Here is a native speaker of Urdu, trying to learn Hindi script. I agree, since there are no article in Hindi and "Julia reads the book." is being accepted. Using the same logic, there is no THE in the original Hindi phrase, Jula reads A book." should also be accepted as correct. Otherwise without the article the "correct translation of the phrase wouid be: जूलिया (Julia) किताब (book) पढ़ती (read) है (is) . In other words the literal translation would be...... Julia is read book. ....where did THE come from. And if the assumption that THE is necessary to make the sentence be proper and correct, why A is being not accepted?
The definite article is not shown in Hindi. This is consistent with the earlier sentence: पीटर किताब पढ़ता है।
But can't this also mean "Julia reads a book"? That answer was rejected.
The same and I think it's a right answer. It could be both the definite or the indefinite article here.
Articles are not used in Hindi at all. The dilemma here is that the correct translation in English requires an article and therefore the translation includes an article which is not there in the original Hindi text. Literally, the translation of this phrase would be "Julia reads book" . But then it sounds strange in English but it is correct in Hindi.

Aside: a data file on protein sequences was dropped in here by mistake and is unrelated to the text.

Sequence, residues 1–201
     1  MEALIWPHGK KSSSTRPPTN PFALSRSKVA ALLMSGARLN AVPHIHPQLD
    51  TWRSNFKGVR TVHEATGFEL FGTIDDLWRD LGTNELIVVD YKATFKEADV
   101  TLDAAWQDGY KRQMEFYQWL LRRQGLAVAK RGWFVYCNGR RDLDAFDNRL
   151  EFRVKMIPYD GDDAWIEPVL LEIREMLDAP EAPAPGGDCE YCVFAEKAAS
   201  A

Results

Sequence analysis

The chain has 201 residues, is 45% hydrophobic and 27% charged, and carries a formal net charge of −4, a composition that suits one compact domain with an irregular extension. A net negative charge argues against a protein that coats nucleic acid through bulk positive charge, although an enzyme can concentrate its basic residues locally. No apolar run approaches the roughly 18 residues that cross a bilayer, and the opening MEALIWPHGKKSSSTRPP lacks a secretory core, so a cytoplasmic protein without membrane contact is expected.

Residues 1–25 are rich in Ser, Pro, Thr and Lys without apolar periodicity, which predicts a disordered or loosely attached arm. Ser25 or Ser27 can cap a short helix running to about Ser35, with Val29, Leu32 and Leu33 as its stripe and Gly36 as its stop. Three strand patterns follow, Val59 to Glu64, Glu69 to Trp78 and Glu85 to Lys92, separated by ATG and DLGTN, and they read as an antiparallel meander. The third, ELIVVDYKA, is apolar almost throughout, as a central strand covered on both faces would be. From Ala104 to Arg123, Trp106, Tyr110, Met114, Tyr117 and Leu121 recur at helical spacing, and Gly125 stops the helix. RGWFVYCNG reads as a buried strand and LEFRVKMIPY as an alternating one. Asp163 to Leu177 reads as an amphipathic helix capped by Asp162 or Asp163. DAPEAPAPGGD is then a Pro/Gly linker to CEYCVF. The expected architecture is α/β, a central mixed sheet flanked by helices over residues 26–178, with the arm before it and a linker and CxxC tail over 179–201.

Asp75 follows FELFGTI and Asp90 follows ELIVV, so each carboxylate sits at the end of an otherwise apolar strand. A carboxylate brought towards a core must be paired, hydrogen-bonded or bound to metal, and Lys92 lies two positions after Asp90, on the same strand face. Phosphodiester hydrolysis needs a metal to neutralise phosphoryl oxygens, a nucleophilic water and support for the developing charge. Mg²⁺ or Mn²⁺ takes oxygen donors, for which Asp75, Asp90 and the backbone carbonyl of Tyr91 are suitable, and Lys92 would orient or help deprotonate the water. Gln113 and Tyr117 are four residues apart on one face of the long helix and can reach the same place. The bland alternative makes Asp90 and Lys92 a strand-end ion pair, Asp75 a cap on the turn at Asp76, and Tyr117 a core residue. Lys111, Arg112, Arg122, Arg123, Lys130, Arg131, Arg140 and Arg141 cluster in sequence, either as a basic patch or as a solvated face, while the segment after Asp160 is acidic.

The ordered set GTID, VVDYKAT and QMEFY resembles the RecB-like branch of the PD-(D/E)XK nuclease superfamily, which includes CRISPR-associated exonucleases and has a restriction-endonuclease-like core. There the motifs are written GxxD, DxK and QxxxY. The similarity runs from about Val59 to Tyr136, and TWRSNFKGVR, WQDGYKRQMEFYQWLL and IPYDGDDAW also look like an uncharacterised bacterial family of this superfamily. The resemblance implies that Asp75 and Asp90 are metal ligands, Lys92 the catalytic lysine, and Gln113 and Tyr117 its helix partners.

Hindi and other Indian languages do not have articles as such. So both a/an or the are acceptable.
Thanks) I thought there was some difference in articles that I missed during learning. I was surprised when my 'a book' was rejected.
Hindi has a special form for the progressive tense (which I don't think this course covers). "is reading" would be पढ़ रही है. You essentially chop off the ता/ती/ते part of the present form, add on रहा/रही/रहे as a separate word, and then the appropriate form of the verb "to be". मैं खा रहा हूँ । तुम जा रहे हो । वे पी रही हैं
Not necessarily. The singular can also be used to indicate a group of things. (Native Speaker)
Sure, but don't you think that this would confuse learners? If they only start with the language, they should see the difference between singular and plural.